And had 2020 gone differently — say, without a devastating pandemic to muck things up — the Summer Olympics in Tokyo would have been a venue for demonstrating the progress the institute has made at its Ottawa Lake facility. Before the Olympics' postponement, Toyota had planned to give rides in autonomous vehicles at the games in Tokyo's crowded Odaiba district using technology developed here, as well as in more advanced labs in California and Japan.
The very rural Ottawa Lake facility "provides a place where we could validate all of the features and the capabilities before we are able to test them on public roads, so we could make sure everything is safe," explained Sharin Shin, senior manager of automated driving field operations with the institute.
The Toyota testing area opened in October 2018 on a piece of what was once a 320-acre test facility owned by drivetrain automotive supplier Dana Corp. Located in the middle grounds of a 2-mile concrete track, it consists of a large asphalt pad dotted with painted intermodal shipping containers and portable traffic lights. Infinitely configurable based on the simplicity of its design, the facility "is a kind of engineers' sandbox," Shin said. Another piece of the former Dana property is used as a marshaling yard by Fiat Chrysler Automobiles to ship Jeeps and other vehicles around the country.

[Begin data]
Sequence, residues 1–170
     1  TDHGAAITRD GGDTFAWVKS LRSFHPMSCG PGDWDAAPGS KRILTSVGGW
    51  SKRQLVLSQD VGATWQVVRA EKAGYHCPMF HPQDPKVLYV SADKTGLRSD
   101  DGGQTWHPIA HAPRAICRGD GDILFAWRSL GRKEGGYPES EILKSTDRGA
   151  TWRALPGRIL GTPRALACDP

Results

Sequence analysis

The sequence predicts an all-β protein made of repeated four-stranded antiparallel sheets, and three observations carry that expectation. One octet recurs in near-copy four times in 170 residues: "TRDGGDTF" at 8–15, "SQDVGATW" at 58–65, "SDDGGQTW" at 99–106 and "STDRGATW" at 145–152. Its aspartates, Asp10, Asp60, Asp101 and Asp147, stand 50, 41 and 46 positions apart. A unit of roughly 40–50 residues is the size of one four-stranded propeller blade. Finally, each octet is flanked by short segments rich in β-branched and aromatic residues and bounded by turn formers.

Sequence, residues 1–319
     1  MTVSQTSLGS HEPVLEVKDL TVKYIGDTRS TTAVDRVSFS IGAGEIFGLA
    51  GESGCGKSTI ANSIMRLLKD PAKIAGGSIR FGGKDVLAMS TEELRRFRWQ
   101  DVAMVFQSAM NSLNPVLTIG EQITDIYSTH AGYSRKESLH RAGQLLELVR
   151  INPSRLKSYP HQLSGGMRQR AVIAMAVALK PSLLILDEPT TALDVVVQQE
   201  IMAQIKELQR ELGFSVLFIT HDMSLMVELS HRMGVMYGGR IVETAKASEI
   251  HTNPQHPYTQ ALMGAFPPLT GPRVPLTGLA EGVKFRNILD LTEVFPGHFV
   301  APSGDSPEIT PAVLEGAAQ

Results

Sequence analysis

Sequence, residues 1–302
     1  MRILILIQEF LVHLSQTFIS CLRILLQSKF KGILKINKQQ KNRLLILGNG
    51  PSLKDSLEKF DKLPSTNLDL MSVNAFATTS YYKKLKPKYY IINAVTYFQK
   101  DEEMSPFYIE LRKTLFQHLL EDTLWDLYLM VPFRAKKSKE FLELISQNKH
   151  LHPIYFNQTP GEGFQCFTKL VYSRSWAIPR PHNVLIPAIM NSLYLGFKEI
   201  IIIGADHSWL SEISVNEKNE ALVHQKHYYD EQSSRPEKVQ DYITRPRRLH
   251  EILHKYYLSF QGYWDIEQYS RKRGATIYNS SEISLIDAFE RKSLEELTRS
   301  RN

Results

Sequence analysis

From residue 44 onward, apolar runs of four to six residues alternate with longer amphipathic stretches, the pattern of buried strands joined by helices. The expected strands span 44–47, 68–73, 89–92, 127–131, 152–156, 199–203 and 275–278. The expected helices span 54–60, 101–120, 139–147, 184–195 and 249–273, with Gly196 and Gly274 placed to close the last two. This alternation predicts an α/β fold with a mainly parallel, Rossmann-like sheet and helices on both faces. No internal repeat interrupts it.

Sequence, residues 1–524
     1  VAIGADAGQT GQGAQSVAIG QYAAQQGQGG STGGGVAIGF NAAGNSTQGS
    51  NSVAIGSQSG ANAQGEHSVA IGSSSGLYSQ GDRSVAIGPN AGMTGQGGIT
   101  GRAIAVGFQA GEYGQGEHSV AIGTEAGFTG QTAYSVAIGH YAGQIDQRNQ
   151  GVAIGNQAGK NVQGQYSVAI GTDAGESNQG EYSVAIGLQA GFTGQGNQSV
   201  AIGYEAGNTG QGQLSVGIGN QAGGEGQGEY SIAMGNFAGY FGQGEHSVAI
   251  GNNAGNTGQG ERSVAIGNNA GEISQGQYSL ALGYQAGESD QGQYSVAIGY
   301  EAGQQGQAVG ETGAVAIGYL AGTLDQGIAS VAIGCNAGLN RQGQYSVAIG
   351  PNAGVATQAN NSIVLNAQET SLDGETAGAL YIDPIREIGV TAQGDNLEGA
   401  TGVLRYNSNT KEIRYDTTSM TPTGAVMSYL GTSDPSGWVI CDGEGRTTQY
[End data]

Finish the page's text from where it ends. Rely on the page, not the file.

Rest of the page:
Surrounded by large earthen berms, test roadways and intersections have been painted on the asphalt to simulate real-world conditions, said Erin McColl, a mechatronics engineer who is a senior technical program manager in the driving division at the institute.